The Allure of White Supremacy

[TRIGGER WARNING] There’s going to be some pretty racist stuff going on in this post. Please be aware of that before diving in.

NOTE: I had originally opted to use more inclusive and gender neutral language when I first wrote this post, but I decided to change it so that the voice it is written in is clearly that of a white male.  In several places I am trying to bring us all into the heads of white supremacists, and I have yet to meet a single white supremacist anywhere who has ever used the words ‘zie’, ‘zir’, or ‘ze’. I hope you’ll bear with me here. Also, while you and I may understand that concepts like ‘white’, ‘black’, ‘race’ are socially-constructed abstractions that have little to do with reality, white supremacists don’t. They see race as an essential characteristic of a person (unless they need to remove a person from their ‘natural’ racial category as we’ll see a bit later).

NOTE THE SECOND: I will not be linking to any white supremacist websites, forums, or book links of any kind in this blog. I absolutely refuse to be a party to driving traffic to their sites, or to drawing traffic to this one from theirs. I will provide a brief bibliography at the end of this post, and I will provide links to pertinent information from the Southern Poverty Law Center.

Racism is ugly. It is damaging, and it is cruel. Yet for a significant chunk of society, racism is also highly attractive. It is appealing on many different levels; it can be psychologically rewarding, and it can even sometimes (and in some situations) be praiseworthy – at least by some members of society (and not just the goose-stepping, sheet-wearing segment). There is a reason why people become active (either actively or passively) in white supremacist activity, and that reason isn’t always simple ignorance; there are more than a few highly educated and articulate people who are nevertheless wedded to the idea that their skin colour makes them a higher order to being than others. [Read more…]

Movie Friday: Black Folk Don’t… do atheism

A brand new series came to my attention a little while back called Black Folk Don’t, which confronts and discusses (but doesn’t necessarily debunk) stereotypes about the African American community. I had been meaning to throw one of them on here as a Movie Friday for a couple of weeks, but the latest version was just so squarely on the nose that I had to share it.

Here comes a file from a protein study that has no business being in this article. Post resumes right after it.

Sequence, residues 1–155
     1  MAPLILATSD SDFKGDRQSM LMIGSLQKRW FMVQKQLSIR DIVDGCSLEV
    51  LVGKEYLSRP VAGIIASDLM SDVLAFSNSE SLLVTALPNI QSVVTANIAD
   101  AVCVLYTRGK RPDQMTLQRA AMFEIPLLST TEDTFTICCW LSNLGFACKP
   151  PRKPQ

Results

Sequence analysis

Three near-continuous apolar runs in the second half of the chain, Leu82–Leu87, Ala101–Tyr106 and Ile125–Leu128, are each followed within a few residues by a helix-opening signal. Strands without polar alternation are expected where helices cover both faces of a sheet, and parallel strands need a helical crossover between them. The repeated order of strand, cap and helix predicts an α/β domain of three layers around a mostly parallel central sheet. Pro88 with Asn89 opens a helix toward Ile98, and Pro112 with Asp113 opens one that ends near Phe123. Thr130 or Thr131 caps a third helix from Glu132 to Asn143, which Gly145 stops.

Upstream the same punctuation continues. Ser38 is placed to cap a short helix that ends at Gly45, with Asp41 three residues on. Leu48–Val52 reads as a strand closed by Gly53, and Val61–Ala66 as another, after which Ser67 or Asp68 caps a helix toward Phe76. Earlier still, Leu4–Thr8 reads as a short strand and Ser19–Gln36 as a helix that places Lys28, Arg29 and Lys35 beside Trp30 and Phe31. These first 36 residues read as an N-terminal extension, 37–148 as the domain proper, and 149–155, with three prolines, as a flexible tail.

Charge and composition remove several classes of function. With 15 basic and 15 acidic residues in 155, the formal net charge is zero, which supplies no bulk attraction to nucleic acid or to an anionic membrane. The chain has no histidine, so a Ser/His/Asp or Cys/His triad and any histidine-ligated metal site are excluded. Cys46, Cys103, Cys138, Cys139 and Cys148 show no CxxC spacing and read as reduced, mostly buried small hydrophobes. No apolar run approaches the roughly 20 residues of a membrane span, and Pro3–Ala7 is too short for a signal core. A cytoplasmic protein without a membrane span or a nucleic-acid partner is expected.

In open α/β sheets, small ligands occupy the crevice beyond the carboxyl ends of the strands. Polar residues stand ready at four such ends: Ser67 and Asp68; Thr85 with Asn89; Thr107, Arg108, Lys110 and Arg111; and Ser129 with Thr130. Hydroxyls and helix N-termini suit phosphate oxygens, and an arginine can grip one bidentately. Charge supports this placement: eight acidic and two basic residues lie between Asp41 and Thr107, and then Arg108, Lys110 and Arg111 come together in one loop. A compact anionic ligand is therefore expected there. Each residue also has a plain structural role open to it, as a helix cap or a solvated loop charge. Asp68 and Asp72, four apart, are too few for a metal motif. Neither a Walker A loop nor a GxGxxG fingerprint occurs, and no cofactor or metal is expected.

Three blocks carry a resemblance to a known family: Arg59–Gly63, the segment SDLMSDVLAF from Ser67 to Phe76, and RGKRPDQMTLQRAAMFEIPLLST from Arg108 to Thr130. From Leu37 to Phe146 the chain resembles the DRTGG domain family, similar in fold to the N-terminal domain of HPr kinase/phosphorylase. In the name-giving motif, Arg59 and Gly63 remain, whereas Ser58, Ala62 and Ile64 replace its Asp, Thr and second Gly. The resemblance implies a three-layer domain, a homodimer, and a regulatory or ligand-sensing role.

Some of my own thoughts below the fold.

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Because I am an atheist: WilloNyx

Today’s contribution comes from reader and bl0g-buddy WilloNyx, who writes at IdioPrag.

Because I am an atheist…

…I am more moral.  The confidence that I was doing “god’s work” kept me blind to the harm I caused with my religion. I believed the “hate the sin love the sinner” trope and I did not actively campaign for gay rights. Because I am an atheist, I no longer have doubts that fighting for equality is the most moral path I can take.

Because I am an atheist: I am a trans feminist. If it were not me seeking out other atheists like myself, I probably wouldn’t have found various atheist sites that taught me that feminism wasn’t a dirty word.  No matter how cultured I try to be I am limited by my geography. Atheism, and atheists taught me to look skeptically at my own biases toward feminism. Transgender atheists taught me to look skeptically at those feminists who would erase the experiences of women they deem not women enough. Because I am an atheist, I fight sexism against all women.

Because I am an atheist: I don’t  indoctrinate my kids. I no longer fear hell for their sake. Because I am an atheist, I can love my children for who they are rather than who god wants them to be. [Read more…]

Trayvon was part of YahwAlladdha’s plan – Zimmerman

There is a school of thought among anti-theists like myself that rejects the smiling, hat-in-hand, ‘moderate’ version of theist belief that seems to dominate the newspaper opinion columns and academic debate halls (and yet seems to correspond not at all to the front page headlines) as profoundly dishonest. If you believe that the Bible or the Qur’an or the Torah are literally true, or even true as metaphor, then you cannot escape a few simple conclusions, the first and most obvious of which is that the guy running the show is a petty and vengeful dictator who will torture you eternally out of ‘love’ (one of many words that seems to have a completely different meaning when describing the deity than it does when used to describe anything else).

This particular group of anti-theists don’t have a whole lot of patience for those who say that the different religions are just ‘different ways at arriving at the same answer’ or that religions are all ‘fundamentally about peace’. “Bullshit!” they (we) say, “you can only claim that if you just flat-out ignore half of the shit in your book. If you’re going to ignore parts of it, we invite you to join us and ignore the whole fucking thing.” Anti-theists are potty-mouths.

And in that sense, the only times that anti-theists and religious fundamentalists agree (when it comes to questions of theology) usually involve at least one dead body: [Read more…]

Myth… confirmed

There is a bit of ‘wisdom’ about stereotypes that says that they have a basis in truth. Reader and regular commenter mynameischeese* referred to a particularly insightful observation:

As Chimamanda Ngozi Adichie once pointed out, the problem with stereotypes isn’t that they’re untrue; it’s that they are incomplete. If you go to Mexico, you can find a guy in a sombrero playing mariachi music. He does exist. But he can’t represent all of Mexico.

It’s an instructive way to think about stereotypes – as a selective slice of reality that is stretched and warp to represent the totality. However, when you look with any serious scrutiny at the situation and attempt to find any truth, there’s a pretty good chance you’ll find that the stereotype is woefully unhelpful.